August 06, 2012

Climate history of Africa (150-30ka)




This is an extremely important article for anyone wishing to understand the climate history of Africa during the time of the emergence of modern humans. I'm no climatologist, so the arguments about glaciation cycles, currents, monsoons, orbital cycles, etc. go mostly over my head. But, I did manage to glean some useful information from the article:

  1.  Climate change in Africa was asynchronous; where one region may have experienced a wet phase, another one may have experienced a dry one. Moreover, its variations did not correspond perfectly with Marine Isotope Stages and glaciation cycles.
  2. The impact of wet and dry phases may be different by region. A wet phase in the Sahara means more vegetation and game, and more people; by contrast, a wet phase in a tropical region means more and denser rainforest, and more hardship.
  3. The middle regions of Africa were more shielded from climate change than either north or south Africa: human occupation appears more even; however, West and East Africa seem to have been following opposite trajectories: "Relative site abundances in tropical Africa increase during one period of aridity (~115-90 ka), and in East Africa decline during the comparable interval of humidity (~110-95 ka)."
A quote from the paper:
Hominin dispersals to Eurasia via northern Africa have also been linked to humid intervals (Osbourne et al., 2008; Drake et al., 2011). From ~30-75 ka, North Africa experienced arid climate regimes. The Sahara expanded 65-50 ka and the demographic data imply abandonment of the interior of North Africa during this time (Fig. 15), suggesting that dispersals from North Africa occurred prior to 75 ka. This finding is at odds with hypotheses that posit a dispersal timing of ca. 60 ka (Mellars, 2006), or a dispersal origin in the South African Howiesons Poort industry at 65-60 ka (Marean, 2010), although a ca. 65-60 ka dispersal could well have occurred from East Africa over the Bab el-Mendeb, as humid conditions dominated the latter region between 80 and 65 ka. The timing of the humid intervals in North Africa (~135-115 ka and ~105-75 ka) corresponds with those in the Levant (54a) (Vaks et al., 2007), providing multiple opportunities for one or more earlier hominin dispersals out of Africa via the Sahara, or an early exodus from East Africa to Arabia over the Bab el Mendeb (e.g., Rose et al., 2011). This pattern does not rule out possible migrations from this region during either the earlier or the later interval through the Nile Valley. However, during the ~105-75 ka humid interval in North Africa, East Africa (where the sources of the Nile occur) was largely under an arid climate regime, except for a narrow window ~80 ka when both northern and eastern Africa were experiencing humid climates (Fig. 15), placing a more restricted temporal window on dispersal via the Nile Valley. We note that although only one out of Africa event is recorded in the modern human genome (e.g., Prugnolle et al., 2005), this fact is not inconsistent with earlier multiple migration and extinction events using any of these routes, with only a single lineage surviving to the present.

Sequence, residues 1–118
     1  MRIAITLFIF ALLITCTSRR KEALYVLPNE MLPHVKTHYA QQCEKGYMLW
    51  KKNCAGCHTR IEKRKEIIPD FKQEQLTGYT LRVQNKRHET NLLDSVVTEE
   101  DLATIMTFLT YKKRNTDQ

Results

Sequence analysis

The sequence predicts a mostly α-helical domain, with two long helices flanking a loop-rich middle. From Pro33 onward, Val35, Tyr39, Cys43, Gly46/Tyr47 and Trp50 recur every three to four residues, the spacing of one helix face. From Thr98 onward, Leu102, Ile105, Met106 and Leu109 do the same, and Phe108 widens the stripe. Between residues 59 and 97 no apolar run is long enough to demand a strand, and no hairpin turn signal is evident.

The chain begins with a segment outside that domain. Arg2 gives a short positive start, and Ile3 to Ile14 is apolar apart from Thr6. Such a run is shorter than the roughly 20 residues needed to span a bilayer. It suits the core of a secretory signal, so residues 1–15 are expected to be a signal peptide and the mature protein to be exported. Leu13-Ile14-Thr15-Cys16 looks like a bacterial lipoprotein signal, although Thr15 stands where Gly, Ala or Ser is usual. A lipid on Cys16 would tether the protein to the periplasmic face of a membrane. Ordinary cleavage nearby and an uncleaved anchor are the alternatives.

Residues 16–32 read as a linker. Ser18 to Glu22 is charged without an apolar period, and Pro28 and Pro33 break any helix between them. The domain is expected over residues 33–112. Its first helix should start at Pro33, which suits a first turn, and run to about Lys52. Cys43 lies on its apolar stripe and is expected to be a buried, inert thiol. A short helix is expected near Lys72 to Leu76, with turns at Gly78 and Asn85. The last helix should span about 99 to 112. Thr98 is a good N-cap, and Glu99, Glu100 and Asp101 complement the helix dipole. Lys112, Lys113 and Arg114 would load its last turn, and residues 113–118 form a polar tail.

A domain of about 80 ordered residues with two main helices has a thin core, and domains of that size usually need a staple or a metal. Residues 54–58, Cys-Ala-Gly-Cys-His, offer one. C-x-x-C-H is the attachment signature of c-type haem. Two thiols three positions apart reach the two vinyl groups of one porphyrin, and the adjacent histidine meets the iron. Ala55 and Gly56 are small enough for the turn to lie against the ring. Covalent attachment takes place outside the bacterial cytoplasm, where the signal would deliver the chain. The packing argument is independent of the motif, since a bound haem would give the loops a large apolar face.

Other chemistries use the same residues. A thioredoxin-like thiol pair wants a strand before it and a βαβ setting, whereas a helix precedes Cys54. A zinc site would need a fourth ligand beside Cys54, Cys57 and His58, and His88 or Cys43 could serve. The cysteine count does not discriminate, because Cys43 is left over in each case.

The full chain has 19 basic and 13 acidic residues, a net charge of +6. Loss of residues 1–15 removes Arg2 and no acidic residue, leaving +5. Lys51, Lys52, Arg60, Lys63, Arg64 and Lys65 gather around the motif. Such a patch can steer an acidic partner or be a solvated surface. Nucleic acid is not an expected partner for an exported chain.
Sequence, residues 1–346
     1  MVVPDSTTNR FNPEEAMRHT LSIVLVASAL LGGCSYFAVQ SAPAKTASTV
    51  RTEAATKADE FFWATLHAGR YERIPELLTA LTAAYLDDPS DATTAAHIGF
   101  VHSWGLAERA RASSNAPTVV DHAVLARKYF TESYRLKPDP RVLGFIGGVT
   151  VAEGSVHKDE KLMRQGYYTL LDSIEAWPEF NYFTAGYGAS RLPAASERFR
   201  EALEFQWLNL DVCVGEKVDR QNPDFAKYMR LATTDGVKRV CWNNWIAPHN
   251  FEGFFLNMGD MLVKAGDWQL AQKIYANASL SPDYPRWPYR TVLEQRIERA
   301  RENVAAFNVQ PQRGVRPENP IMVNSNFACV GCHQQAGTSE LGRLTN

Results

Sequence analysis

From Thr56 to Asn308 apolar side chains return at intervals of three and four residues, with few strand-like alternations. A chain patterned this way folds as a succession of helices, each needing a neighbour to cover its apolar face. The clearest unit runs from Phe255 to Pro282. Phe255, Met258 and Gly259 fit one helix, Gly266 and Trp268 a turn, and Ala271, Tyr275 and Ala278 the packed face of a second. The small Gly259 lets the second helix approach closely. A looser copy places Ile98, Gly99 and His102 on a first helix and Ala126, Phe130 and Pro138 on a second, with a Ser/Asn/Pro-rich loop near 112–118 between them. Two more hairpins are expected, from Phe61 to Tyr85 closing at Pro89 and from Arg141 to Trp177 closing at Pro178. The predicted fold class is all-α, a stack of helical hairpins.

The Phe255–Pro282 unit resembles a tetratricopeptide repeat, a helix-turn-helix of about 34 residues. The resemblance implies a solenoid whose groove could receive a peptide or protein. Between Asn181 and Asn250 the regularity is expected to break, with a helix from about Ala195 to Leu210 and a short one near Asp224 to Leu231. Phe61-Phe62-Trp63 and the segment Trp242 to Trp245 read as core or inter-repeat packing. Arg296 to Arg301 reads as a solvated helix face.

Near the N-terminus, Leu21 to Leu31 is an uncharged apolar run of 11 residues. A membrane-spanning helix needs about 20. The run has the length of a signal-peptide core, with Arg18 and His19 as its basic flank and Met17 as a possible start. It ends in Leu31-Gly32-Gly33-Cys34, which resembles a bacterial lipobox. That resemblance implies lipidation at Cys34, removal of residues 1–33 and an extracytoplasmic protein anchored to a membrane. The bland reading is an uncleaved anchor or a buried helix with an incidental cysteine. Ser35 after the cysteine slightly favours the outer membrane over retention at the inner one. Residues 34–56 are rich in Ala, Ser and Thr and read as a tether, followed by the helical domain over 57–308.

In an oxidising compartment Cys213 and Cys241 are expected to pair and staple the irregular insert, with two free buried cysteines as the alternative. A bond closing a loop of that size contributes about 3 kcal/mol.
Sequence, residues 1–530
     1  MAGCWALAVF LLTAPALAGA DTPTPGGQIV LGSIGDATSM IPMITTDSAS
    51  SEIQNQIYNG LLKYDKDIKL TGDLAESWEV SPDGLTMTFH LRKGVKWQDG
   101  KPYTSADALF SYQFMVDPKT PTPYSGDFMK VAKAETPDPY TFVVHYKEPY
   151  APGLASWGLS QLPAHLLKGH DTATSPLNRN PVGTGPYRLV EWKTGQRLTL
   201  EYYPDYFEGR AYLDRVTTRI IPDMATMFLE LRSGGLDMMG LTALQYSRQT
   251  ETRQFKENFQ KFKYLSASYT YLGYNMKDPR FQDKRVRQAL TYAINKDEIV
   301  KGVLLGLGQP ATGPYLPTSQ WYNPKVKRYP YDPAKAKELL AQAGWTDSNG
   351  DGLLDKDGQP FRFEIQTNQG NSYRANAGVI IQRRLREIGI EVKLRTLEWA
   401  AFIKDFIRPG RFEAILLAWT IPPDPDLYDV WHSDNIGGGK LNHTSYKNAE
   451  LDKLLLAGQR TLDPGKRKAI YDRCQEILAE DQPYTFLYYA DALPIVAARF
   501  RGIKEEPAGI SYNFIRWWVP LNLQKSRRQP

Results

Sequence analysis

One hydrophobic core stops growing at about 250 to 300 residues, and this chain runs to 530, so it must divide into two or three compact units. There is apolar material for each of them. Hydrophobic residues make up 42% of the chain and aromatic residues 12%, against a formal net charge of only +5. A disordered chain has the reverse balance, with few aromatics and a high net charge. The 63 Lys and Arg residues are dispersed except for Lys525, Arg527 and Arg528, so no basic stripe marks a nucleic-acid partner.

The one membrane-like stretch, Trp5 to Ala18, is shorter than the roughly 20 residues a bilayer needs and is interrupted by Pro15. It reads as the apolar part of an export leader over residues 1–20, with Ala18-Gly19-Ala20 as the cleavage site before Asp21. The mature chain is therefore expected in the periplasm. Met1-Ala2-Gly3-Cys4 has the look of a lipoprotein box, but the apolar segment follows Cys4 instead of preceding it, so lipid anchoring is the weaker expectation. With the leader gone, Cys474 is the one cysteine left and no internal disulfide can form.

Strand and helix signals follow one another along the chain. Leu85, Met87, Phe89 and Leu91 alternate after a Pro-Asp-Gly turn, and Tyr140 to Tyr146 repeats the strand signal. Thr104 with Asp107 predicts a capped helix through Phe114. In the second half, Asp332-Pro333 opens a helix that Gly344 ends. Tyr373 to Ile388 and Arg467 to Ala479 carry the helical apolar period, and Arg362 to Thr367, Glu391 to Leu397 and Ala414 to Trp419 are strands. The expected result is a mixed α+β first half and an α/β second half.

It will probably take me a while to digest the information in this paper, but I'm definitely glad that someone thought to write it. For the time being I will try to sanity-check my own two deserts theory:

  • The 135-115ka humid interval in the Sahara and the Levant could explain the origin and growth of a population that would spill over to Asia at this time. Jebel Faya may date to this period.
  • ~115ka the onset of dryness would have been detrimental to populations in the Sahara-Arabia belt. It is at this time that site abundances increase in tropical Africa which is also becoming drier, and hence more conducive to human occupation (less dense rainforest); we can perhaps infer that the deepest human lineages got isolated from the rest of mankind as they entered tropical Africa, and even reached Southern Africa which was humid at this time.
  • Post 105ka we see another wet phase in North Africa/Levant, which would again spill over to Asia; the Nubian Complex appears at around this time in Arabia. There are uncertainties of dating about the Skhul/Qafzeh modern humans, and they may date from this time, or the previous wet period (135-115ka).
  • At the 70ka mark where something big may have happened, North Africa/Levant go to a dry period; this is perhaps a good time to see survival of a few lineages (mtDNA L3 and Y-chromosome BT and CT) and another exodus of modern humans from this area. An exodus from East Africa at this time would not make much sense because humans would go from a humid region to a dry one; it would be an awful time for Africans to be headed to Asia.


J Hum Evol. 2012 May;62(5):563-92. Epub 2012 Apr 17.

The environmental context for the origins of modern human diversity: a synthesis of regional variability in African climate 150,000-30,000 years ago.

Blome MW, Cohen AS, Tryon CA, Brooks AS, Russell J.